The decades-long Republican stranglehold on power and policy in the South is a product of manipulation masquerading as mythology. When President Lyndon Johnson, a Southern Democrat, signed the Civil Rights Act in 1964, he famously declared that it meant his party had “lost the South” for a generation. But it’s not that Southerners, universally, didn’t support civil rights—it’s that white conservative Southerners, the people with the most political and financial power in the region, didn’t support civil rights.
For decades, the national Democratic Party has accepted President Johnson’s original premise—that if the powerful white conservative voters in the South opposed progressive policy, the whole region was lost to Democrats. In practice, that meant that for generations the Democratic establishment rarely engaged in any serious way with the South, and when they did, it was often with accommodationist, centrist candidates in the mold of Bill Clinton’s conservative-lite “third way.”
In other words, progressivism never died in the South. It was buried under the weight of oppression from the Republican Party and neglect from Democrats. However, looking at the path to victory to retain federal power—particularly, the Senate maps for the next three cycles—power hinges on Southern and Western states. In fact, the 2026 midterm map is a solid wall of red from Texas to North Carolina, but for Georgia. Treating the states like battlegrounds now increases the likelihood that we win them in the near term, and Georgia shows us that winning is possible.
The youth-led protests in Tennessee mark a new moment in social justice movements across the South, and should be seen as major opportunities to forge alliances between moderates and progressives to win—just like Georgians came together to reject MAGA in 2020, 2021, and 2022. It is time for the Democratic establishment to take advantage of this potential or remain in the 20th century at its peril, as allowing MAGA to take root in the South does nothing to stop it nationally.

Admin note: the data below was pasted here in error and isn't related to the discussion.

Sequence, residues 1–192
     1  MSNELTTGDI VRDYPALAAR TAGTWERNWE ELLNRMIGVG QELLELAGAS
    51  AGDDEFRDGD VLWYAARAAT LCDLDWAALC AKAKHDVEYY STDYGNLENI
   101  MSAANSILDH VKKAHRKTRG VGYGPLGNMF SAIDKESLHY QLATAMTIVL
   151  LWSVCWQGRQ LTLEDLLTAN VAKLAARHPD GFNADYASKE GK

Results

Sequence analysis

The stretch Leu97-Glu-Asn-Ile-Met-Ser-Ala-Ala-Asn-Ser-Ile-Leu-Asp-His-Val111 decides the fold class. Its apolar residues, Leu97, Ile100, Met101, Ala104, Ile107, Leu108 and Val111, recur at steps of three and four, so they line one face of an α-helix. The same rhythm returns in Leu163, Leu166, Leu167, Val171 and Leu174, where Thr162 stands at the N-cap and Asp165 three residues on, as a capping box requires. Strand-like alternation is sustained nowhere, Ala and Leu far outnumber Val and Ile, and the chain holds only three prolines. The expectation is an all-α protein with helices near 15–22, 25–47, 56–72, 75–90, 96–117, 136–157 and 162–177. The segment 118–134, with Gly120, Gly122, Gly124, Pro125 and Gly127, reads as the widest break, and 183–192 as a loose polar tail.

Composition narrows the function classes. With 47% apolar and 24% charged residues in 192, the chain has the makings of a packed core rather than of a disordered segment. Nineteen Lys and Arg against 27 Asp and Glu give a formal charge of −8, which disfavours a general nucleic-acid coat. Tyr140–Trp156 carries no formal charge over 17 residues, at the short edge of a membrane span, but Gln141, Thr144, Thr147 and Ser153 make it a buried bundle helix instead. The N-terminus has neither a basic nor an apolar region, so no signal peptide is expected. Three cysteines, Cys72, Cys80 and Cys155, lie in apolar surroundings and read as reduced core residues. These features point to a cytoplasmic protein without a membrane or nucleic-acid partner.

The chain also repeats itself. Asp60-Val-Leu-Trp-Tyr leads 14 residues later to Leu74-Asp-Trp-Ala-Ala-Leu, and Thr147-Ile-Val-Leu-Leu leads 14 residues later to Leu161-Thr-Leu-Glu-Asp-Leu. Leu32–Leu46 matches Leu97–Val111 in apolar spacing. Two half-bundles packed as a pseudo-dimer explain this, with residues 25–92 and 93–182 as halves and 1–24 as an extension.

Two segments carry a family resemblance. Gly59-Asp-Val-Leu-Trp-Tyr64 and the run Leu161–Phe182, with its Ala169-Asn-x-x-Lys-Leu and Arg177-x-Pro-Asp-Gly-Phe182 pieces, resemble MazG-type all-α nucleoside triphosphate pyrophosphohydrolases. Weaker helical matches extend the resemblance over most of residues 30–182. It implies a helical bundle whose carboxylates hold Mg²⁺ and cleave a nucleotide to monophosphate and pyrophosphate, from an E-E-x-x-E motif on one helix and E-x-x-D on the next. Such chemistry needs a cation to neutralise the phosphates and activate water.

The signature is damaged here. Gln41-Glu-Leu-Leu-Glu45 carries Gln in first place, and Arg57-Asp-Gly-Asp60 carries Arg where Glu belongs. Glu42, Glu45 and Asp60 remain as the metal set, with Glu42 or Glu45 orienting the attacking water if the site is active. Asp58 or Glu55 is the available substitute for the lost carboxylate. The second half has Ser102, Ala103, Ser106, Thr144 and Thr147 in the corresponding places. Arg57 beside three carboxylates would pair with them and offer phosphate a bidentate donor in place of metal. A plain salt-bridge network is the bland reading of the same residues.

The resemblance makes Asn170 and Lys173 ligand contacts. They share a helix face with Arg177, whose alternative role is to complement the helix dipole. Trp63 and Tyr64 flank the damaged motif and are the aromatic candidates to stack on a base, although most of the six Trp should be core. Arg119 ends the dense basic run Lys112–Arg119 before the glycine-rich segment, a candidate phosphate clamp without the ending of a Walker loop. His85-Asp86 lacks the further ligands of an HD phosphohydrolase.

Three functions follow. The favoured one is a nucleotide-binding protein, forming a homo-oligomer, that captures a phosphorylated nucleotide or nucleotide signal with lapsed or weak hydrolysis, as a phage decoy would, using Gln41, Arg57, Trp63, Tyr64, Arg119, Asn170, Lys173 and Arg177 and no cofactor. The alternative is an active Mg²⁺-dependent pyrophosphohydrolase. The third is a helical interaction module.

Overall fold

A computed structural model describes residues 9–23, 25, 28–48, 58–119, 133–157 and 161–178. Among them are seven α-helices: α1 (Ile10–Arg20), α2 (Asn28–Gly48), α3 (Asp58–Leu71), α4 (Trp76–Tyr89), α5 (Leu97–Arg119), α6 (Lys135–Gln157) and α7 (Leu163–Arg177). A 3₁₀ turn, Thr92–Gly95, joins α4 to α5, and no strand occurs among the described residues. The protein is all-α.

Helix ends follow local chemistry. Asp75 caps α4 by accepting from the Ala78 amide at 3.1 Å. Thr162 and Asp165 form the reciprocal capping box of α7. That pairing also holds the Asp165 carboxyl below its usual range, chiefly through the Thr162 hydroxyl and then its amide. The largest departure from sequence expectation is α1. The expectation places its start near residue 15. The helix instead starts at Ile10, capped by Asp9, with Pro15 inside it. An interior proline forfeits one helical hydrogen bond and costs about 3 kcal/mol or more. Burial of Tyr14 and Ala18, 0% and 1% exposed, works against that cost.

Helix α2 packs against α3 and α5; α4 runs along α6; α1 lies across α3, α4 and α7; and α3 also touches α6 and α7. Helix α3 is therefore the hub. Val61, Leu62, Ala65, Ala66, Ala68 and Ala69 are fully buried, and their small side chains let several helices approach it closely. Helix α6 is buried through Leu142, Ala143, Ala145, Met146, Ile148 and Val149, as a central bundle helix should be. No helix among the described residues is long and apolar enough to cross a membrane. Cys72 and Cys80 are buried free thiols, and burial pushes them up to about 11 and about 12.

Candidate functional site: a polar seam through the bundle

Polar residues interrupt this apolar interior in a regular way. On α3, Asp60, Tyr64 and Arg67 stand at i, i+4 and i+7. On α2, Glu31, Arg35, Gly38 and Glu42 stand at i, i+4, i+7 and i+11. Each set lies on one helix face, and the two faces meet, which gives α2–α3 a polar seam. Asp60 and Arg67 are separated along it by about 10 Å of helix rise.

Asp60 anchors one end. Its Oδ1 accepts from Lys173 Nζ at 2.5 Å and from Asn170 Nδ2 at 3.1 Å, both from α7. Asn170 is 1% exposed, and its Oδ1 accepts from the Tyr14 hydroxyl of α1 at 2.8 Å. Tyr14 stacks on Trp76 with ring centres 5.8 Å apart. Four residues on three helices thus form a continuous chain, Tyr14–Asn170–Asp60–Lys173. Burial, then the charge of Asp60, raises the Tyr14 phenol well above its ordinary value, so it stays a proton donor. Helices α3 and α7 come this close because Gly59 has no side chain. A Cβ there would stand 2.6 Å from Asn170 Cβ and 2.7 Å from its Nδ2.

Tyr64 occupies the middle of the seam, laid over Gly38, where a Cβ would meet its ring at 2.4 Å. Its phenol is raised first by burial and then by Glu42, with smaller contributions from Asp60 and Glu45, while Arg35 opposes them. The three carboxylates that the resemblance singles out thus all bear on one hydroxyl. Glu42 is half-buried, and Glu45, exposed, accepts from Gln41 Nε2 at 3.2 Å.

From Arizona to Georgia and everywhere in between, the South is becoming increasingly Democratic because a new generation of Southerners is coming of age in a region that is rapidly becoming more racially diverse. The change coming will not be moderate or cautious but bold—aligned with growing grassroots movements and pushing for seismic action on climate justice, LGBTQ rights, abortion access, and gun safety. MAGA is scared—it’s why they are undermining democratically elected local leaders overseeing schools and voting administration in blue Houston, why a North Carolina judge just approved congressional maps that limit Democratic power, and why Florida governor Ron DeSantis regularly makes a spectacle of himself.
Republicans understand change is coming. That’s precisely why they voted to expel Democratic state Representatives Justin Jones and Justin Pearson, both Black men, after they supported public demonstrations for more gun safety. As Jones himself explained, they are “the youngest lawmakers in Tennessee; they were trying to expel this energy from the youth movement.” Republicans, said Jones, know that “their time is coming to an end. In the South, we have a saying that a dying mule kicks the hardest.” Or, in this case, a dying elephant—desperately kicking at whatever it can to hold on to power and to distract. For instance, banning drag shows statewide in a pretend effort to “protect children” but doing nothing to prevent mass shootings like the one that killed three 9-year-olds at the Covenant School shooting in Nashville.